Around the inception of Cahiers du Cinéma François Truffaut coined a term, “cinéma de papa,” to describe what he and cohorts sought to rebel against: the dominantly dull strand of French film in the ’40s and ’50s that often included costume dramas, esteemed literary adaptations, adoring biopics, etc. To this day it remains a useful term for describing certain films that inspire the sense it won’t surprise in any fashion.

In the case of Lost Illusions––which swept this year’s Caesar awards, as if the amount of prestige on-hand between the source material and luminary cast didn’t make it an automatic shoo-in––it’s a little sad having to apply this term. Despite its source author’s vaunted (or snooty) standing in literary history, it can’t help seem a disservice that a Balzac adaptation serves as such a dead object: plenty costumes and extras, no real stylistic brio to at least make the whole white elephantine package go down a little easier. If I’ve only read two of the legendary writer’s books, and thus any authority on its representation of his running themes and such cannot be spoken definitively, it’s still apparent from every moment that greater ideas are poking through the edge of, but not felt, in such a dull product.

At the center of our sprawling narrative is Lucien de Rubempré (Benjamin Voisin), an aspiring young poet from the French countryside who moves to Paris to pursue a career in the field, until—by almost a stroke of dumb luck—he finds himself falling into a journalist role, and a scene of larger-than-life personalities, including fellow writer (and Balzac stand-in) Nathan (Xavier Dolan, appropriately smug) and publisher Dauriat (Gérard Depardieu, boisterous). Entering a tense 19th-century political climate of a city divided between liberals and royalists, Lucien quickly finds himself amassing a strong reputation in the city’s arts scene for articles either praising or damning contemporary theatre, all based on where the bribe money is coming from. But the facade can only last so long before the lies and hubris catch up and eventually tear him down from this new standing.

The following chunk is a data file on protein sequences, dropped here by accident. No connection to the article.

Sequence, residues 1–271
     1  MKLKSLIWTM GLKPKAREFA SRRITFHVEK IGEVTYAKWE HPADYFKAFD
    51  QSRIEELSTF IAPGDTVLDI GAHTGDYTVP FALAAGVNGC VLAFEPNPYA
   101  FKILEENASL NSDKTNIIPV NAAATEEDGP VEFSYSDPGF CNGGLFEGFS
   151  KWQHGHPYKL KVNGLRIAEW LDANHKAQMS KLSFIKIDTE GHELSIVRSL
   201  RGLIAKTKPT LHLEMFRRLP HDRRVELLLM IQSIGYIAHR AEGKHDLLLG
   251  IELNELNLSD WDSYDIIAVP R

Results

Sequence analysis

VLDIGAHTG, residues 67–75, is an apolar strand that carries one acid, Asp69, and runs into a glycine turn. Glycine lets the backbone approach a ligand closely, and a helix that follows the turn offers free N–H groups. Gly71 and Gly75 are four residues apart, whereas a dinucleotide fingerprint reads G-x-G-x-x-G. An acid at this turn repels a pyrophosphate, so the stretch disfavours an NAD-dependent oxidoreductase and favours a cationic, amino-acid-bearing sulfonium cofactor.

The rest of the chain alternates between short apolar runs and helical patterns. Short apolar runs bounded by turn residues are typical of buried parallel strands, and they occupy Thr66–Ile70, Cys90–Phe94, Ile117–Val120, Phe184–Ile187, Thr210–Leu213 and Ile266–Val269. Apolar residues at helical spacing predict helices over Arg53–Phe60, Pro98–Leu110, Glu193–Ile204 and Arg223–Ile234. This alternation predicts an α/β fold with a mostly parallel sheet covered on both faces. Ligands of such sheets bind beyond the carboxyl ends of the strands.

A good tale clearly relevant to the social-media age of clout-chasing and strict political binaries (with enough nods to “fake news” and the possibility of a banker entering politics so everyone can understand), there’s still the nagging feeling something’s absent. By condensing a 600-page-plus epic into a two-and-a-half-hour film, the sense of thought and detail that immortalizes Balzac isn’t translated.

The problem doesn’t seem fixable with a longer miniseries adaptation. It rather comes down to a fundamental issue: literal-mindedness, a sense of life missing from the proceedings. There’s no muck to the Paris it depicts, no sting to the words cast behind people’s back at hoity-toity costume balls. If “the love of beauty” is what inspires Lucien in the first place to pursue poetry and a life in Paris, that running theme––and the corruption of which––should give Lost Illusions a kind of philosophical tragedy. Yet the natural endpoint of this prestige-picture simplification is a character eventually falling to a deadly bout of tuberculosis. Not much of a human comedy after all. 

Lost Illusions opens in theaters June 10.

Grade: C

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